Countries must spur more investment in small-scale agriculture

“Investing in small-scale producers is critically important to reduce poverty and improve food security,” Oxfam’s global agriculture advisor, Le Nguyet Minh, said.

Agricultural experts and practitioners urged governments of African and Asian countries to invest more in small-scale agriculture through the adoption of a sustainable rice farming technique that could ensure the security of staple food crops threatened by climate impacts.

They made the call during the opening of a four-day international Rice Congress in Bangkok, Thailand, on Tuesday.

The experts said the System of Rice Intensification (SRI) should be made a top priority for research and development because it required much less water and seeds and it reduced the need for agrochemicals and fertilizers. This was especially important given the trend of environmental degradation and the hazards of climate change, they added.

“The benefits from SRI management are unprecedented, reducing purchased inputs while getting more output,” said Norman Uphoff, SRI’s senior rice advisor, in a release made available to The Jakarta Post on Tuesday.

“This is possible by growing plants with better root systems and by enhancing soil fertility with organic matter and aeration,” he went on.

SRI methodology allows farmers to cut their production costs while at the same time they get higher yields – in between 20 and 50 percent and often higher, according to international humanitarian agency Oxfam and the International Network and Resources Center (SRI-Rice) at Cornell University.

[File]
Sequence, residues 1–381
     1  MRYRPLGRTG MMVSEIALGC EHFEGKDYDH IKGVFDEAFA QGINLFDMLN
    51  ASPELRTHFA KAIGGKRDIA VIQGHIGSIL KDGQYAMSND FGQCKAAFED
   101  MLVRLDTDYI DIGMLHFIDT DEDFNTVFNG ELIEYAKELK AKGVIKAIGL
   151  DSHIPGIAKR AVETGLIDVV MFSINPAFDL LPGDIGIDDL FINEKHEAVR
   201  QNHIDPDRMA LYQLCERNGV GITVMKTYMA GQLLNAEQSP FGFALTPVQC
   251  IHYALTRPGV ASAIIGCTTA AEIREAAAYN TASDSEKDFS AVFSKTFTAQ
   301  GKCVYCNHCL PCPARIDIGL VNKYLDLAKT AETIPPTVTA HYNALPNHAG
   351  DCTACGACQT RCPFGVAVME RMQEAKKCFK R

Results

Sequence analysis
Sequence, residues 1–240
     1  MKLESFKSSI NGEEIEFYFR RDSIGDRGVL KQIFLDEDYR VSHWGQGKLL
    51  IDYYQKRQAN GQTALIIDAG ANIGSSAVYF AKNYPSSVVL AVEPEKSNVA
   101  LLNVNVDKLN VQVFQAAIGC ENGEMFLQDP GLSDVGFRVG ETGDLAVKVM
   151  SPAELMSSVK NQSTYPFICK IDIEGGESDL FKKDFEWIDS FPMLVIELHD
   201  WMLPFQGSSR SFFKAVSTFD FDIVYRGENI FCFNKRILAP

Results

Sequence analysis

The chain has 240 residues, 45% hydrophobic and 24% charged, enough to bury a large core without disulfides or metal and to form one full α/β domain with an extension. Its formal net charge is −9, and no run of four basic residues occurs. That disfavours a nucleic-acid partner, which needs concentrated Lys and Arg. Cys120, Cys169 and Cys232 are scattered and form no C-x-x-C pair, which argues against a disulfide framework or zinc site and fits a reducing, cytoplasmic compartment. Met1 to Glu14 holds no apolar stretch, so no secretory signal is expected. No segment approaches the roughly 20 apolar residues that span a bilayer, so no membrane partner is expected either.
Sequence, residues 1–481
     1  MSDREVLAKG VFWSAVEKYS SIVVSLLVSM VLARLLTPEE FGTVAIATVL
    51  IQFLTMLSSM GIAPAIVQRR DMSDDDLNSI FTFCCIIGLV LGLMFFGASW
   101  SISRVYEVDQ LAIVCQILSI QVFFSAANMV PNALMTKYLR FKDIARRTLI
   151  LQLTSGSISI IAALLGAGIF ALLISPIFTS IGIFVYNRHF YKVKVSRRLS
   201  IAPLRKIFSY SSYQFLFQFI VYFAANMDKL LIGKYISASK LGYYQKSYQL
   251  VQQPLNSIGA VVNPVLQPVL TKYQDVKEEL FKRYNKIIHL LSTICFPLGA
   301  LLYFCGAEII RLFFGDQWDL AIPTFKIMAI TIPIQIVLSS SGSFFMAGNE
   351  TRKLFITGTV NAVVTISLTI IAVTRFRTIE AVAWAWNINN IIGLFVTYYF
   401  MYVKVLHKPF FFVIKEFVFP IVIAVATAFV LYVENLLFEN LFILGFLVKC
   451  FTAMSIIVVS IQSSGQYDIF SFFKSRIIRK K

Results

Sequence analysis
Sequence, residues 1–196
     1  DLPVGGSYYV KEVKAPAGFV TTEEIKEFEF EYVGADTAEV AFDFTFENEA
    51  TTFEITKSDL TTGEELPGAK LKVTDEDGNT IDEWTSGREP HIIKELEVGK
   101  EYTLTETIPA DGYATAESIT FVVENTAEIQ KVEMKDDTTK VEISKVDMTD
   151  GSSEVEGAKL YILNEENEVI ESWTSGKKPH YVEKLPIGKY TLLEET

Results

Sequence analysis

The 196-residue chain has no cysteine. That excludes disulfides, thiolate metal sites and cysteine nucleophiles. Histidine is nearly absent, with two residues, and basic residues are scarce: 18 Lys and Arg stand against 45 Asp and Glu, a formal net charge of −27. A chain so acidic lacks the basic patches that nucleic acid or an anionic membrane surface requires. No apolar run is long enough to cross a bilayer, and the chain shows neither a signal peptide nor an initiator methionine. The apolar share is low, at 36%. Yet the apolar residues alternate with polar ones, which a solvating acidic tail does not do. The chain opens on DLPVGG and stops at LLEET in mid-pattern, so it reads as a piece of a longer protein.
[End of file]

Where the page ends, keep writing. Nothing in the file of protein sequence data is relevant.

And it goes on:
Around 2,000 farmers, scientists, traders, development workers and government officials are expected to participate in the congress, which aims to discuss rice research and trends in response to the changing environment.

“Investing in small-scale producers is critically important to reduce poverty and improve food security,” Oxfam’s global agriculture advisor, Le Nguyet Minh, said.

“Farmers are likely to benefit most from investments in agriculture that start by acknowledging their limited assets, help them adapt to the challenges of climate change and tap into and enhance their knowledge.”

Minh further said: “Without high-tech fixes and costly inputs, we have seen that small-scale farmers in countries around the world can achieve sustainable food security with methods that are well-documented and confirmed now by scientific research in various countries.” (ebf)

Reprinted from www.thejakartapost.com

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